Dominik Kuboń: I have just closed your book „Water towers. 2020”, which is in fact an exhibition… Why did you decide to present your drawings in this form? Did the uncertainty around the closing and opening of art galleries affect this?
Tomasz Kręcicki: Yes, it was definitely about finding an alternative to presenting it online. I had the feeling that it would be best if this series of works could still be shown in 2020, but because of the pandemic, galleries were opening and closing and attendance was dropping in response . Besides, it’s really hard to exhibit 100 drawings, you need a lot of frames to show the work properly.
When I started working on these drawings, Agata Biskup visited me in my studio and it was she who suggested that the exhibition should be a book. From that moment the book came into being very quickly. We had a few meetings and came up with some cool ideas. As the curator, Agata had a few great solutions, like ending the book with the drawing “2020.” We worked on this book as we would work on an exhibition.
In the introduction by Aldona Kopkiewicz one reads that “the time of a pandemic is also a time when we are reduced to ourselves, we can no longer run away”. Is the book an opportunity to pause? Or maybe it works as a witness to the aforementioned escape from what we have to now face?
Yes, it is certainly an opportunity to stop and stay longer with the works than in a traditional gallery show. You can sit with this book-exhibition in your own armchair and look through it as long and as selectively as you want: from beginning to end or vice versa. This is what I like about the format of a book, because in the case of a traditional exhibition at a gallery or some other place, although we are in direct contact with the original works, the viewing time is limited, our ability to focus is different, there are other people and various distractions all around.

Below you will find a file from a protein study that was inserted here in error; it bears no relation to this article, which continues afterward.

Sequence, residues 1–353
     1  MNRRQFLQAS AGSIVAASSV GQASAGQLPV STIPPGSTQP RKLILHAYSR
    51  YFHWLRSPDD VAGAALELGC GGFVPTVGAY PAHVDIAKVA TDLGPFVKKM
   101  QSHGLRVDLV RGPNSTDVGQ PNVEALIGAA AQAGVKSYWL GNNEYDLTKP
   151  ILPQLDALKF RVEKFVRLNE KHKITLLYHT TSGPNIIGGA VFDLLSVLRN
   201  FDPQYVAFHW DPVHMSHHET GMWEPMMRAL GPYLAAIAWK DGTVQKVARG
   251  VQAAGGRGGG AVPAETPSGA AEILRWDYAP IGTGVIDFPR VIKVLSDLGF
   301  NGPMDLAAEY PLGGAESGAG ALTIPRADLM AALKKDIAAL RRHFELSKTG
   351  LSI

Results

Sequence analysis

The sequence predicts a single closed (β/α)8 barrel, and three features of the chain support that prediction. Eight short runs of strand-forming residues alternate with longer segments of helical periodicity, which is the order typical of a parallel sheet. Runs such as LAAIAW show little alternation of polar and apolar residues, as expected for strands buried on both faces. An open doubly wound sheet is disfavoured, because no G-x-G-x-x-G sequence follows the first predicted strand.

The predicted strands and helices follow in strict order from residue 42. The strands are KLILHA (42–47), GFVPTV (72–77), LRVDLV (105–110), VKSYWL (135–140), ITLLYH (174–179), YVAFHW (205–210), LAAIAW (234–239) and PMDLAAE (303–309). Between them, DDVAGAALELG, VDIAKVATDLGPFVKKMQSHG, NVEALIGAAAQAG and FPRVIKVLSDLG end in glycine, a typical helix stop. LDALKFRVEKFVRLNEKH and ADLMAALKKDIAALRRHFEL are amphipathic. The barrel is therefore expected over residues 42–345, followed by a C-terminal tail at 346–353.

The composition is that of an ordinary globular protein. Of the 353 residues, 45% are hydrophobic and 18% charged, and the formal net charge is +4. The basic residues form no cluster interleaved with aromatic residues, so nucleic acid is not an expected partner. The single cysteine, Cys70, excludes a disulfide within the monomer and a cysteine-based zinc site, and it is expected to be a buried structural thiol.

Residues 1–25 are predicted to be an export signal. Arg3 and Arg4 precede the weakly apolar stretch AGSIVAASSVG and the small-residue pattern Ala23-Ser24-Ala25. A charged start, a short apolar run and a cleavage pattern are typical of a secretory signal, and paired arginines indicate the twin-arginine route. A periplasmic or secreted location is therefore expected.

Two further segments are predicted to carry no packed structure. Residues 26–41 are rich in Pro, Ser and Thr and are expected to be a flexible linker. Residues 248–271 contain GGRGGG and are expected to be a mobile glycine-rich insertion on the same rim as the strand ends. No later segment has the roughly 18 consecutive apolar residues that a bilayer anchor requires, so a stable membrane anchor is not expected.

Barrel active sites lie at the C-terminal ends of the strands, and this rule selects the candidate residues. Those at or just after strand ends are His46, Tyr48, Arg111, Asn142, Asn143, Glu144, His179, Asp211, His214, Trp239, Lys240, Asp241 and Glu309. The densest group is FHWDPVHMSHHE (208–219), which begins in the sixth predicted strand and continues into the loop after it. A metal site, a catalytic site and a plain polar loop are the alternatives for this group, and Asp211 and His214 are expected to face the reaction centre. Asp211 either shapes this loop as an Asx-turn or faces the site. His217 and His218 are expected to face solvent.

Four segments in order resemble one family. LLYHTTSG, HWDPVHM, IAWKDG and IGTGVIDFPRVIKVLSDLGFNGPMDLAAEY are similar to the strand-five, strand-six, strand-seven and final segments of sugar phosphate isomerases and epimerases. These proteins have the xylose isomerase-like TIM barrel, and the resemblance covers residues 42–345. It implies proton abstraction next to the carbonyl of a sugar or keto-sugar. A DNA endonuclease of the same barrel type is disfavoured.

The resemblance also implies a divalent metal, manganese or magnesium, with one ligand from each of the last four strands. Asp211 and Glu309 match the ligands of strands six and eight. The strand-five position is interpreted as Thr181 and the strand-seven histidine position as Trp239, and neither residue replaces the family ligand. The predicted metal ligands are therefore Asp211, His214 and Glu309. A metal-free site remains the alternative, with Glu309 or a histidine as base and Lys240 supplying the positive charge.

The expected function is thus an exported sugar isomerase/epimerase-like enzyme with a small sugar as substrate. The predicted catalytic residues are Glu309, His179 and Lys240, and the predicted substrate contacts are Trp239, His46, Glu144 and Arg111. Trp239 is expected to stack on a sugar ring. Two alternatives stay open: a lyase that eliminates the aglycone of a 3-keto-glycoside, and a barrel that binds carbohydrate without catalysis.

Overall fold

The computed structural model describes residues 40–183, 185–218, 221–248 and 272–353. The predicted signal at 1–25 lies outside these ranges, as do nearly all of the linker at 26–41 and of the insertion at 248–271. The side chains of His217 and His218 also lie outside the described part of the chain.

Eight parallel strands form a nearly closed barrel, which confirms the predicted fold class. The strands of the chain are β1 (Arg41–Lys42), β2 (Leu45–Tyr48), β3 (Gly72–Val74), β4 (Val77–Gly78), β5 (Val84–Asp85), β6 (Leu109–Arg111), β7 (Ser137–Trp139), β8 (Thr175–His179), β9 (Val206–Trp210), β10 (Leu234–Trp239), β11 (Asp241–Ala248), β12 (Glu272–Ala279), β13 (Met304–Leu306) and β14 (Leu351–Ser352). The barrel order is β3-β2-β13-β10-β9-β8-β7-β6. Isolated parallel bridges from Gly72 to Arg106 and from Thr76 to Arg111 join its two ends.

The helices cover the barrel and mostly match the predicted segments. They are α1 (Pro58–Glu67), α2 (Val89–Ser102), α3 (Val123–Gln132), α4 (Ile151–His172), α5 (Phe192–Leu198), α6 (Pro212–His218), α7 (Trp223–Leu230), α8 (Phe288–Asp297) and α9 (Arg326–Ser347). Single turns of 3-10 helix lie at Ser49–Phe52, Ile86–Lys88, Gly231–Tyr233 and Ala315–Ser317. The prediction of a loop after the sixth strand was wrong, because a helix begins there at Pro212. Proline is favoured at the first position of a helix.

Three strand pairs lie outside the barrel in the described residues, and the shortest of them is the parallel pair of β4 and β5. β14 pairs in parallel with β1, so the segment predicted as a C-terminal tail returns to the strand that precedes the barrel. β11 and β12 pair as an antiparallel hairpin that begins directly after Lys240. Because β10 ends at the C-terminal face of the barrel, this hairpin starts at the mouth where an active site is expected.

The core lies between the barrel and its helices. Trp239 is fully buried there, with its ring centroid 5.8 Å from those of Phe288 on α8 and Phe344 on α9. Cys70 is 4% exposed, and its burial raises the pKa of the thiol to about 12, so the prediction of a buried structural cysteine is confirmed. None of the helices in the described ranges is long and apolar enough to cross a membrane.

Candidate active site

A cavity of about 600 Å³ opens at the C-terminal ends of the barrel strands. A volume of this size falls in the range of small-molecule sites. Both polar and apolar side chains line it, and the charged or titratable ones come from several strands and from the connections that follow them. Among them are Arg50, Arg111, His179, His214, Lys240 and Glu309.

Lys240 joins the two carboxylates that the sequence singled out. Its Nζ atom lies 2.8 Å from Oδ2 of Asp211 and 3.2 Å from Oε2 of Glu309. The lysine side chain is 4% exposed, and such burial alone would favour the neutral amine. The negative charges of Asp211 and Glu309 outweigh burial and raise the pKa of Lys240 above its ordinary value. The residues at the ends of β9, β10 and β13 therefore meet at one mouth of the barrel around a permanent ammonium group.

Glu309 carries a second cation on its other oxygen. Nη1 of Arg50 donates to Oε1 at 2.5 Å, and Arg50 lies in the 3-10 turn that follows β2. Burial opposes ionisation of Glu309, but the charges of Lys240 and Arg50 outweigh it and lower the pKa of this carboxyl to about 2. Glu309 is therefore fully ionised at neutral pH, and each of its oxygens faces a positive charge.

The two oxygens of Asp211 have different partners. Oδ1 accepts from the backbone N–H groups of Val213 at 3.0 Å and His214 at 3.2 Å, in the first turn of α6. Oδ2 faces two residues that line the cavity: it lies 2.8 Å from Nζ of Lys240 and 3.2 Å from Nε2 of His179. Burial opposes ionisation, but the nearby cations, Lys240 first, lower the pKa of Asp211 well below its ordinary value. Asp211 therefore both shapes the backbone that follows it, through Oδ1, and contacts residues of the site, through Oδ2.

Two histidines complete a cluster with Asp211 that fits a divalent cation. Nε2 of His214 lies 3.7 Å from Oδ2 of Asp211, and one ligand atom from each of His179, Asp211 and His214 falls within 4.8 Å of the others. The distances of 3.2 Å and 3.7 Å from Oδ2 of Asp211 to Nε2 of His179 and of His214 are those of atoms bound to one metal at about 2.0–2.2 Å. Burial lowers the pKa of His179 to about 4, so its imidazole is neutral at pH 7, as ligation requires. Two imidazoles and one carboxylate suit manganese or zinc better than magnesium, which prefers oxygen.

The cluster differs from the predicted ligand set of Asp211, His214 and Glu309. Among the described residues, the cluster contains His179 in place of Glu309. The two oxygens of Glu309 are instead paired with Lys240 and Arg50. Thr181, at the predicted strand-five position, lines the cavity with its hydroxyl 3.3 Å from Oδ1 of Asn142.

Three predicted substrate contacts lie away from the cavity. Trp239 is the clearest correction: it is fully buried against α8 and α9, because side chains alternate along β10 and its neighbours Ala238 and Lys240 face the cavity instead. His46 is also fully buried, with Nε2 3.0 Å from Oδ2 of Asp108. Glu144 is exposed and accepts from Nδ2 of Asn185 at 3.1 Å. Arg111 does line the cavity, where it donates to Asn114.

Why water towers? Do the constructions presented in the book exist in reality or are they fabricated?
I found a video of collapsing towers on YouTube, suggested by an algorithm. Before that I had been watching compilations of catastrophic films like storms at sea, massive waves, tsunamis, building demolitions, shipping accidents. The monumentality of these events is terrifying but also attractive… people like to watch these things when they themselves are at a safe distance. It sounds a little creepy…
I am intrigued by such large-scale deconstruction. I, too, can watch the controlled demolition of a large building from behind a screen, but I would not like to be an eyewitness or a participant in this type of real-life catastrophe.
So to answer your question, yes, most of these drawings are based on stills from various films documenting the demolition of water towers all over the world. I once paused a video as I was watching it because I realized that if I didn’t know the context, it would be hard for me to recognize what was actually happening in this situation. Because these videos are often recorded with old phones or CCTV cameras, the quality is poor. Falling towers frozen in a frame look a bit like some primitive space rocket from a 1960s sci-fi movie that has no chance of taking off, or a missile slamming into the ground, or some enormous jellyfish or other gigantic, ominous creature…
The repetition of the water tower theme reminded me of “American Surfaces”, a photo book by Stephen Shore, published in 1999. There we can find photographs of gas stations. I mention this publication because on one of the towers I found the words “Rowlett Texas”. Both in Shore’s and your works, the very gesture of repetition is puzzling. How do you relate to it? What purpose does it serve?